The fight for supportive housing isn’t over yet

The fight for supportive housing isn’t over yet

The fight for supportive housing isn’t over yet
September 21, 2016

The prolonged release of the $2 billion Gov. Andrew Cuomo proposed in his State of the State address to build supportive and affordable housing finally has an end in sight. Cuomo’s announcement last week that he has signed a proposed memorandum of understanding (MOU) to release all of the funds appropriated in the fiscal year 2017 state budget was a major step forward, but we are far from finished. The MOU, by definition, cannot be a one-way proposal – Gov. Cuomo, Assembly Speaker Carl Heastie and Senate Majority Leader John Flanagan have to all agree to release the earmarked funds. Until that happens, the money is stuck and we cannot celebrate this announcement as a victory – not with 80,000 homeless people living throughout our state.

Supportive housing is a proven, cost-effective model for ending homelessness among the most vulnerable individuals: Those with severe mental illnesses, addictions and other disabilities. It is permanent affordable housing paired with supportive services that saves taxpayers over $10,000 per household each year by greatly reducing the use of far more expensive interventions: Shelters, emergency rooms, hospitalizations and incarceration.

Beginning in July, the Campaign 4 NY/NY Housing has protested outside Gov. Cuomo’s New York City office every Wednesday at 9 a.m., calling on him to make good on his promise to create 20,000 units of supportive housing by signing the MOU and funding the first 6,000 units statewide. We showed up week after week – faith  leaders, supportive housing providers, homeless and formerly homeless men and women, and many others – to make clear that homelessness for our most vulnerable neighbors will not be solved without this critical investment. Our presence has demonstrated that we will not give up until we are certain that New York’s leaders will fulfill the promise of homes for the most needy New Yorkers.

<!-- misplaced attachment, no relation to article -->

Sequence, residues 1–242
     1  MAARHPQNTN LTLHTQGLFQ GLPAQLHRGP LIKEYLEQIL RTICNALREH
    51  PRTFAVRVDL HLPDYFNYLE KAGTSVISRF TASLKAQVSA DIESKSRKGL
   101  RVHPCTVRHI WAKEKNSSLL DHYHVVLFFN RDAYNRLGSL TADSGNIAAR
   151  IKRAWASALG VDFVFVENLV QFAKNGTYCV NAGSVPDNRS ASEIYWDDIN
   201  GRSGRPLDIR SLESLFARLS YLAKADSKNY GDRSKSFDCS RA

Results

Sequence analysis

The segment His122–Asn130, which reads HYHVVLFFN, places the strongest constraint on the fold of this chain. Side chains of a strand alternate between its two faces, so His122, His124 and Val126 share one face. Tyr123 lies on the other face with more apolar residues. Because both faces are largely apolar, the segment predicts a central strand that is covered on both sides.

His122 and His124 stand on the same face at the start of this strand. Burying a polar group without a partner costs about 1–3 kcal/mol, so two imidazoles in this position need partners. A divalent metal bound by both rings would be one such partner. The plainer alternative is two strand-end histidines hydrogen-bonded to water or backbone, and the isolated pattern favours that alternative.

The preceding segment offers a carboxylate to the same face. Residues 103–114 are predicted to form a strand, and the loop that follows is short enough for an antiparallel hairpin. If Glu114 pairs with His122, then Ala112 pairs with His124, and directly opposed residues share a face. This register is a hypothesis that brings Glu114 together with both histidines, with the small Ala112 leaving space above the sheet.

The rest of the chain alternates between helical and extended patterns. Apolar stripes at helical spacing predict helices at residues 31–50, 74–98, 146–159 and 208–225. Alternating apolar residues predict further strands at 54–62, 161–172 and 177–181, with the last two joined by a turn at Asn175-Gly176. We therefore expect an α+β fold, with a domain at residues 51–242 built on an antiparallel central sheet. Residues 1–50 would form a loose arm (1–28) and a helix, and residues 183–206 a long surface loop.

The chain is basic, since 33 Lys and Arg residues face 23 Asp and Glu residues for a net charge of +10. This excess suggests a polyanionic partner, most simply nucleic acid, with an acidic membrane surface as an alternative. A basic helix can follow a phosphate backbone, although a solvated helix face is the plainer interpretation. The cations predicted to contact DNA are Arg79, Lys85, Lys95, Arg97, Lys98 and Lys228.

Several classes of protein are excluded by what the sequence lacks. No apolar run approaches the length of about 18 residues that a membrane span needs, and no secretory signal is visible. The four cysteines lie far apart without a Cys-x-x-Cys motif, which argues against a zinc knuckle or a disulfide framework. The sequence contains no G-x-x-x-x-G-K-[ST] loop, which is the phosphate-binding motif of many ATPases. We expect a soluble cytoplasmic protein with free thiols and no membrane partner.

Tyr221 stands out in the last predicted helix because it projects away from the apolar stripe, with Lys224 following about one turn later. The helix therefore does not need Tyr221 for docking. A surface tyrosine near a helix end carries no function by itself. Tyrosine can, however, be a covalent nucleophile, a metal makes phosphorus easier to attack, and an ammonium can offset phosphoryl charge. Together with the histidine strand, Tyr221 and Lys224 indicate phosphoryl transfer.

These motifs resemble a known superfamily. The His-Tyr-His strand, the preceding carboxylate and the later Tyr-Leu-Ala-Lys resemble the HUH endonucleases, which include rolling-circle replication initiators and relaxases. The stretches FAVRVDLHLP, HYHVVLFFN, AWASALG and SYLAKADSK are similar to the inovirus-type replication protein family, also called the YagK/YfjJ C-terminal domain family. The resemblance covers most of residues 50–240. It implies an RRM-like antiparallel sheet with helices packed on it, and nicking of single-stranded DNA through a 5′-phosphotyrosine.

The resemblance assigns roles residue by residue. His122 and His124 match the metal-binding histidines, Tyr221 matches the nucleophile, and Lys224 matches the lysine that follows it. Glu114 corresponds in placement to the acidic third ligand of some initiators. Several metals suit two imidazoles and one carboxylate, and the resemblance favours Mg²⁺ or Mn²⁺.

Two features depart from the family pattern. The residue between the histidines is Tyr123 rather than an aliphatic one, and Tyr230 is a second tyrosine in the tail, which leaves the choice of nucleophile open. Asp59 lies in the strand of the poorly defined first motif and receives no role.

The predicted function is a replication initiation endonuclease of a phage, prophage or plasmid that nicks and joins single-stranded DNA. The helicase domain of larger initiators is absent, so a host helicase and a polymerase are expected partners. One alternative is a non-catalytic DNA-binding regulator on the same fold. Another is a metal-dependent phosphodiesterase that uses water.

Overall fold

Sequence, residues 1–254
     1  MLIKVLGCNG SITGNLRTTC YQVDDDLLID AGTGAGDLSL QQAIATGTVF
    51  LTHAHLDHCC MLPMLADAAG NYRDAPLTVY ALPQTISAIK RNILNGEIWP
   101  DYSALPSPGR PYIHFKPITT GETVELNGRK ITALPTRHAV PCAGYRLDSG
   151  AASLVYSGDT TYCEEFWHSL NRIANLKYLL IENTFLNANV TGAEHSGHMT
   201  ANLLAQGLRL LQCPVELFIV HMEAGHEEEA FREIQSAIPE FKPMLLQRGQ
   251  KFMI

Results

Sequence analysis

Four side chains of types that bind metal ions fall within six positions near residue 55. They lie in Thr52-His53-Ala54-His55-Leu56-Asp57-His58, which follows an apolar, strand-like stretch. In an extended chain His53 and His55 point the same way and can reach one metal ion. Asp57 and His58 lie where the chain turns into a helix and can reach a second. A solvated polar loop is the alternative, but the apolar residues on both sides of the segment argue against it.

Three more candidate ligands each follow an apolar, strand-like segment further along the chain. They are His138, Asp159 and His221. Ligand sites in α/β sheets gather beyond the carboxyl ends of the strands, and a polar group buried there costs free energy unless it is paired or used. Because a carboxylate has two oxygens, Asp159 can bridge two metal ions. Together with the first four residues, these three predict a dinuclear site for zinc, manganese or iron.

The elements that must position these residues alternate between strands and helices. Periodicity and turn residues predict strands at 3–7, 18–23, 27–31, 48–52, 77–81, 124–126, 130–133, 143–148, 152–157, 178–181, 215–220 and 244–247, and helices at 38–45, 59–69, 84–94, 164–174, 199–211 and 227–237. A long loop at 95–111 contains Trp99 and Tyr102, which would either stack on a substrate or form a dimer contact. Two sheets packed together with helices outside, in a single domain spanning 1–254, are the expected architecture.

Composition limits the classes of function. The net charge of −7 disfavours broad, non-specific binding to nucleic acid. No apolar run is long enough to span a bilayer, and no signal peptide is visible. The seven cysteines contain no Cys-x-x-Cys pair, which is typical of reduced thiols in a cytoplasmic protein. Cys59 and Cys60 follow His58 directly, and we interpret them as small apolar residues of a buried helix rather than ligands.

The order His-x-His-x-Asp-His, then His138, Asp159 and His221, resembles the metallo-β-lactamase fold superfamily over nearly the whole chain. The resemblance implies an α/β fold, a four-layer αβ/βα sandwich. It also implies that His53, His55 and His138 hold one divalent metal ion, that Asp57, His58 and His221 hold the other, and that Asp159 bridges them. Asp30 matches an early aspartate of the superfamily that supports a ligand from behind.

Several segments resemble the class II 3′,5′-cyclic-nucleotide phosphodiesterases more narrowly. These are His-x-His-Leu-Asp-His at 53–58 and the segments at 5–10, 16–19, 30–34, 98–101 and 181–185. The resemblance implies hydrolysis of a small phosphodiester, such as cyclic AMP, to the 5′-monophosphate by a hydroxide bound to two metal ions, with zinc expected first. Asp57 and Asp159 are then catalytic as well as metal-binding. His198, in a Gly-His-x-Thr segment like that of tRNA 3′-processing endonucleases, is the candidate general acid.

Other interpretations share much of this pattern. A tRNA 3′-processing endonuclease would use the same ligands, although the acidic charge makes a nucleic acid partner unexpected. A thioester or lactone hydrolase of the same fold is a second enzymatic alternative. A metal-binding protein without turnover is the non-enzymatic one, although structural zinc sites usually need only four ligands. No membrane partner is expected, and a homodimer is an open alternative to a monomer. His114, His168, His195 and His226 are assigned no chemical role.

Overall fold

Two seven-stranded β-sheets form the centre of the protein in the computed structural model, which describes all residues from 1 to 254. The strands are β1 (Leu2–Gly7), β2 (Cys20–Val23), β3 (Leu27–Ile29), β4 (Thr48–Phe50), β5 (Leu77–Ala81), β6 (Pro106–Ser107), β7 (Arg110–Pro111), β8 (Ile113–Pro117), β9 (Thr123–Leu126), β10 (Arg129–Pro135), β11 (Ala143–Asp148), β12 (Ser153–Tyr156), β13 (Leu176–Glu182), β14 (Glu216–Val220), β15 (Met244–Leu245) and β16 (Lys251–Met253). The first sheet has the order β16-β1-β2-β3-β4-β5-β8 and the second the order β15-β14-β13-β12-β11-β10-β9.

Gov. Cuomo will undoubtedly notice that we are not outside his office today: We wish to acknowledge that progress has been made. But make no mistake, this fight is not over. Last week’s announcement was a significant step forward in this critical conversation, but we will not rest until all three parties sign the agreement and the money is distributed.

Without a stable, affordable home, it is impossible for individuals and families to thrive. New York’s homeless individuals and families cannot wait any longer. We will be outside Gov. Cuomo’s office again next week, either to celebrate the execution of the MOU, or to continue to call upon all three state leaders to get the job done. This should not be a heavy lift. Gov. Cuomo has put forth his plan, and almost 75 percent of the members of the Legislature signed letters calling on him to execute this commitment to supportive housing.

All three leaders have the opportunity to make a difference for thousands of homeless New Yorkers by acting on this incredibly important issue now. Coming to an agreement on the MOU may not be easy – it will require compromise, creativity, and hard work. But this is the work New Yorkers elected our state leaders to do, and we want them to get it done now.

Steve Coe is CEO of Community Access. Marc Greenberg is the executive director of the Interfaith Assembly on Homelessness and Housing. Giselle Routhier is the policy director for Coalition for the Homeless. All three are steering committee members of the Campaign 4 NY/NY Housing.

Steve Coe
Marc Greenberg
Giselle Routhier
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